Question: How do you get customers to tell you exactly what car they’ve got, so you can market services, parts and equipment they might need directly to them?
Answer: You make it part of an online competition to win a luxury Tesla Model S electric car, of course.
That’s exactly what Internet auction site eBay is doing right now with a competition that promises one lucky winner a brand new 2014 Tesla Model S. Better still, there’s no purchase necessary.
Of course, nothing comes for free, especially a $100,000 luxury electric car, so how is eBay able to run such a fantastic-sounding promotion?
The eBay Garage community?
In order to be eligible to win, eBay requires you to sign in to your eBay account, then tell its ‘eBay Garage’ what type of vehicle you own. Be it a motorcycle or a car, eBay wants you to tell it what vehicles you have, along with details of any modifications or tweaks you’ve had done.
It’s all rather simple. Select your type of vehicle from eBay’s drop-down menu, add the make, model and year, and you’re set to go.
eBay’s Garage is set up a little like a social media community too. You can add pictures of your car, motorcycle or truck, join a specific community of like-minded owners, and even favourite other owners’ vehicles.
Think of it as a Facebook clone for cars.
…but it’s all about data
On the face of it, eBay Garage sounds great. Once you’ve entered your car’s details, you can choose to share it publicly with other eBay owners or to keep those details private. You can easily find new parts for your car or motorcycle. And of course, selling it is just a click away.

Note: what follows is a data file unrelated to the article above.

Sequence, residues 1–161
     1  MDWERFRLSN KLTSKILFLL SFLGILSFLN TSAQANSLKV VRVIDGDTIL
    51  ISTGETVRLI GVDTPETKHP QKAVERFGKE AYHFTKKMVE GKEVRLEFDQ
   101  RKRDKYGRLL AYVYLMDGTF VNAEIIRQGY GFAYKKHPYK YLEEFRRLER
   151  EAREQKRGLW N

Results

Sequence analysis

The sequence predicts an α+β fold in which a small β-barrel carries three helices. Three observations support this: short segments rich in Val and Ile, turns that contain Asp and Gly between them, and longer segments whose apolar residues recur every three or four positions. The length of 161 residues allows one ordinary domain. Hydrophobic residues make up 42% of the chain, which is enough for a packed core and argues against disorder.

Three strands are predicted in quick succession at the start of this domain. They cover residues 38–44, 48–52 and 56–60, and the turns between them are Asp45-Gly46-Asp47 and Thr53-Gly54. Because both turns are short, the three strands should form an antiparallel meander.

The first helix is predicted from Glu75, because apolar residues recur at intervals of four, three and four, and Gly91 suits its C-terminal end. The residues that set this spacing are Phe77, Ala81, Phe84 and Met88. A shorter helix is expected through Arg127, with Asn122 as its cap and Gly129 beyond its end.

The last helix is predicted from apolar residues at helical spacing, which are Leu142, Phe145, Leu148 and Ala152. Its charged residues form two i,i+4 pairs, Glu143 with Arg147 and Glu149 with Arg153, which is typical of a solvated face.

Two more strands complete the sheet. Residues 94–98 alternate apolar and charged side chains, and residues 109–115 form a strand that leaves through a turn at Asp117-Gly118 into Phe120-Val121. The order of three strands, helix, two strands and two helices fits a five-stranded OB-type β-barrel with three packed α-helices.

Underneath of course, this entire competition and the purpose of the eBay Garage is to find out data about you so that eBay can target ads and eBay listings in your direction.
For example, what’s the point of telling you about a V8 muscle car if you own a Nissan LEAF? Or what’s the use in advertising a Chevrolet Volt cargo organizer if you drive a Fiat 500e?
Essentially then, eBay is using the guise of a competition to find out more about you and the vehicles you own, so it can better target ads and eBay auctions your way. Because eBay makes most of its money from the commission earned through the auction process, it’s in eBay’s best interests to make sure that as many people as possible see — and bid — for each item on sale.
Worth it for a Model S?
At the end of the day, eBay is asking you, its customer, to trade your information for the chance to win a Tesla Model S. Statistically speaking, we’re guessing the odds of winning it are mathematically insignificant, but if you’re desperate to win what is arguably the best electric car on the market today, it might be worth having a go.
It comes down to one simple question: how much is your personal data worth, and if that figure corresponds to a Tesla Model S?
Leave your thoughts in the Comments below.
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